The Journal of Antiquities

Ancient Sites In Great Britain & Southern Ireland

King Orry’s Grave, Laxey, Isle of Man

SC4389 8439. At the north side of Laxey village about 70 yards to the north of the junction of the A2 road and Ballaragh road stands the largest prehistoric monument on the island known as King Orry’s Grave, a section of which is in a garden. The original name for the monument was apparently ‘Gretech Veg Cairn’. It is actually a chambered long barrow from 4,000 years ago in the Neolithic age. There is uncertainty as to just who King Orry was, and why this monument should be associated with him, but probably he was the legendary King Gorse or Gorred of Crevan, a Viking who died here in the 11th century AD. However, as we already know, the long barrow pre-dates King Orry by thousands of years.

King Orry’s Grave, Laxey, Isle of Man

The chambered long barrow with it’s single chamber at the top end is formed by two standing stones with a lintel slab that has now fallen. Here at the west end the cist burial would have been located beneath a cairn, but whether this long barrow ever had a mound over it we do not know for certain, so perhaps it would be safe to say that it did. There is a well preserved U-shaped forecourt that is 12 metres long and 4 feet wide, and is formed by 6 stone slabs, two of which are quite long. The eastern section of the moument has a second barrow with possibly two chambers, a forecourt and entrance, and a line of cists running roughly north-east to south-west.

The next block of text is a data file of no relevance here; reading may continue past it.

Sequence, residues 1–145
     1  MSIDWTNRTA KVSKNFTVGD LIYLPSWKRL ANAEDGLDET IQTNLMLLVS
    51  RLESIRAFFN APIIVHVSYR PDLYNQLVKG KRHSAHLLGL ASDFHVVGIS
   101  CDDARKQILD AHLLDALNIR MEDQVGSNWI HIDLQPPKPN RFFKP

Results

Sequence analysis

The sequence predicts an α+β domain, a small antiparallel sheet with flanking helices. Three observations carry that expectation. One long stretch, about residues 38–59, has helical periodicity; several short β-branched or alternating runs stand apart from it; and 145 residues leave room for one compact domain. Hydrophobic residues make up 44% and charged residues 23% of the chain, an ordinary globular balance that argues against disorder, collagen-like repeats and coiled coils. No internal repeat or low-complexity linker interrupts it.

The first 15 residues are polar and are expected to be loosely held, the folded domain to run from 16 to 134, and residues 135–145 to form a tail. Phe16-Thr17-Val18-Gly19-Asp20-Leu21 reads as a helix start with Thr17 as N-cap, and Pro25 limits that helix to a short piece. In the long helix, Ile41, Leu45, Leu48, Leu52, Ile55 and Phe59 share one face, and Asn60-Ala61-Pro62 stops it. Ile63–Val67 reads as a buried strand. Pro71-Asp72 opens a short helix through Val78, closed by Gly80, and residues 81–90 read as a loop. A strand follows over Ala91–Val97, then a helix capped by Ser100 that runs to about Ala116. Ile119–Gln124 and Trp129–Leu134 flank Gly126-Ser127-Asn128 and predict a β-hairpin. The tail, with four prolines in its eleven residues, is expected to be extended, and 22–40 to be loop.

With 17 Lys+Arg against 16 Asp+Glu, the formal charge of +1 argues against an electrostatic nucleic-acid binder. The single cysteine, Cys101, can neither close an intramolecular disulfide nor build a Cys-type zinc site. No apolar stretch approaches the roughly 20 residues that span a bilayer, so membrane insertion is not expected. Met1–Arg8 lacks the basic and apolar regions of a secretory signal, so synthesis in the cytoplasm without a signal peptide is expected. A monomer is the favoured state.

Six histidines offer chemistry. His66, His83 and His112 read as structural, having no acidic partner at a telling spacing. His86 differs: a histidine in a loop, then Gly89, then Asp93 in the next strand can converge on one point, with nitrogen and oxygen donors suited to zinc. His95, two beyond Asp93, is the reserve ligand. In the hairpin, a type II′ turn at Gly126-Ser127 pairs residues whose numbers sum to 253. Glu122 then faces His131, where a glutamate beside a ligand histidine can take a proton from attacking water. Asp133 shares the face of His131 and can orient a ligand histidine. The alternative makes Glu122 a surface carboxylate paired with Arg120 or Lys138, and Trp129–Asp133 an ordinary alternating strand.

But, unfortunately this section has a road running through it and has largerly destroyed this part of the monument, it’s cairn of stones having been robbed-away to be used in the building of the two cottages close by in 1868. The western section of the long barrow was originally in a private garden and had never been excavated but, in the 1990s, the cottage and garden were purchased by MNH (Manx National Heritage), allowing access for visitors to the main part of the site, which is some 30 feet in diameter; the whole site being over 170 feet in length.

The site was first excavated back in 1830 when the cist was uncovered and, more recently in 1953-4 when only one burial of unburnt bones was found along with a few grave goods, including a pottery bowl and some flints.

Source:-

The Manx Museum And National Trust: Fourth (Revised) Edition, The Ancient Monuments And Historic Monuments Of The Isle Of Man (A General Guide), Douglas, 1973.

Author: sunbright57

I am interested in holy wells, standing stones and ancient crosses; also anything old, prehistoric, or unusual.

Comments are closed.

Follow

Get every new post delivered to your Inbox.

Join 119 other followers